A single guidance service


The simple idea of merging the functions of The Pension Advisory Service, Money Advice Service and Pensions Wise under a single “Guidance” banner makes a lot of sense. It acknowledges that the current situation is working too well and supposes that a reorganised super-service could do a lot better.

Earlier this year, the DWP released its Christian Ronaldo, Charles Counsell from auto-enrolment duties to take over at the Money Advice Service.


Charles Counsell


Charles is an organiser, someone who gets things done very well, he has done a great job (and got a gong) for fixing auto-enrolment, now he looks set to do the same with guidance.

Charles’ masculine virtues as a fixer are complimented by TPAS’ Michelle Cracknell, who has transformed TPAS on next to no budget through a different intelligence. If Counsell is Ronaldo, she is the instinctively brilliant Messi!

In many ways this should compliment Counsell’s , the fear is there may only be one space at the top.

How and who the re-organisation of guidance is achieved, we will find out over the next twelve months, but I am comfortable that with Counsell and Cracknell at the helm, this will happen and that we will see a new simple service that the public will use.

How will it be used?

The current approach is reactive. Guidance is given to people at the point when retirement becomes real, when they have to start taking decisions on accumulated savings and pension rights.

At the Great Pension Transfer Debate, Cracknell told the audience her vision was that good savings practice needed to be instilled in the young and that they could educate their parents. It’s an interesting thought and one I have never heard articulated in that way.

Actually, by the time you get to Pensions Wise, you are either financially self-sufficient, in which case you turn to the Government for validation, or you are needing to be told what to do. MAS, TPAS, CAB and Pensions Wise cannot tell you what to do, they can only sign-post you to someone who can. The “someone who can” generally needs paying for carrying the responsibility of delivering a definitive course of action.

The new service, if it is to work is going to have confidence in the advisory process and financial advisers are going to have confidence in the new service.

In my opinion, there is a lack of confidence either way which is what Counsell and Cracknell are going to have to fix.

Guidance and Advice

I am a firm believer in getting people to understand the difference between the two. Guidance is about empowering people to take a decision for themselves and advice is about taking the decision for them. You should not pay for guidance, it is free, it is on the internet, the Government can stick some people on phones and web-chat but they are really only improving on the web-based service.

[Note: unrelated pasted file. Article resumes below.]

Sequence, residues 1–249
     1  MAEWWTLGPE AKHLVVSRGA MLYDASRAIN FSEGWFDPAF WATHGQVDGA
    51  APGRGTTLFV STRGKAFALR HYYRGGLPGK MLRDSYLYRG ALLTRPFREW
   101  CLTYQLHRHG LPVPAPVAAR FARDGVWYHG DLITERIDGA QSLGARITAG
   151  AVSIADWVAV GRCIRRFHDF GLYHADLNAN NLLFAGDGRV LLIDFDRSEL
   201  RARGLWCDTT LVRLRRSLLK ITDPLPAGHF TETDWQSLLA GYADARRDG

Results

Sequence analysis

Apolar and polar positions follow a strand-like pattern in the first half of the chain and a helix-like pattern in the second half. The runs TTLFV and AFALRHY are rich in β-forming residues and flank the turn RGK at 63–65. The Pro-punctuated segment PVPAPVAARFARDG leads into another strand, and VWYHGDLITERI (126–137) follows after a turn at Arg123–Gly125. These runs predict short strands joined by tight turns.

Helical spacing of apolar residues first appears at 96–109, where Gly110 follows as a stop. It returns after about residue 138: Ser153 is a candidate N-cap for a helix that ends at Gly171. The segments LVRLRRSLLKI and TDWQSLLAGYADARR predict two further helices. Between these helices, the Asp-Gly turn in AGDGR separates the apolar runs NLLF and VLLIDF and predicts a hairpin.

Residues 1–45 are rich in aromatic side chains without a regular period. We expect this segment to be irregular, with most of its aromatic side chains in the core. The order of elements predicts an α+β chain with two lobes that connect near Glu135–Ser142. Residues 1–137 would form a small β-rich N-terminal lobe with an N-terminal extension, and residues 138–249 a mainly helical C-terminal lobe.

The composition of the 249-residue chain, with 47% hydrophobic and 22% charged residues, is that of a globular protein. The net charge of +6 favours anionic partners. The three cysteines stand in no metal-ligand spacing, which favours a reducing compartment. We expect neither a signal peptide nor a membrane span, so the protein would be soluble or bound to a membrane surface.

Advice is something different, it is as different as sitting with a priest in a confessional compared to listening to a sermon.

If we see no value in advice , it is either because we are self-sufficient or because we have no trust in the “confessional” process of financial planning or of its sister “wealth management”.

I think a critical function of a guidance service is to establish in the minds of those using it whether they see value in advice, and if they do, how and where to get it.

Making progress?

The Retail Distribution Review cleansed the advisory process by reducing advisor numbers and focussing minds on financial planning rather than the sale of financial products. We now have less advisors who are better qualified to give advice.

What we have is progress. What we don’t have is a public that is educated to look after itself. The talks on behaviour, most notably from Michelle Cracknell and Greg Davies pointed to our instinctive bias’ towards lazy decisions.

A current example is a survey by AJ Bell, published yesterday. It  shows  that 50 per cent of advisers conducting DB transfers are getting clients to pay for them by paying a percentage of the transfer value. This means advisers only receive payment if the transfer goes ahead (into their “wealth solution).

This is a case (IMO) of the RDR taking one step forward , and (half) the advisory community taking two steps back. The argument for this kind of product driven advice is made on this blog by one of its major proponents.

IMO the arguments for contingent charging are “recidivist”. -advocating  the habitual and repeated relapse into bad habits! Behaviourists will point out that water tends to flow downhill, or as Tideway point out “the earth is not flat”.

Progress through leadership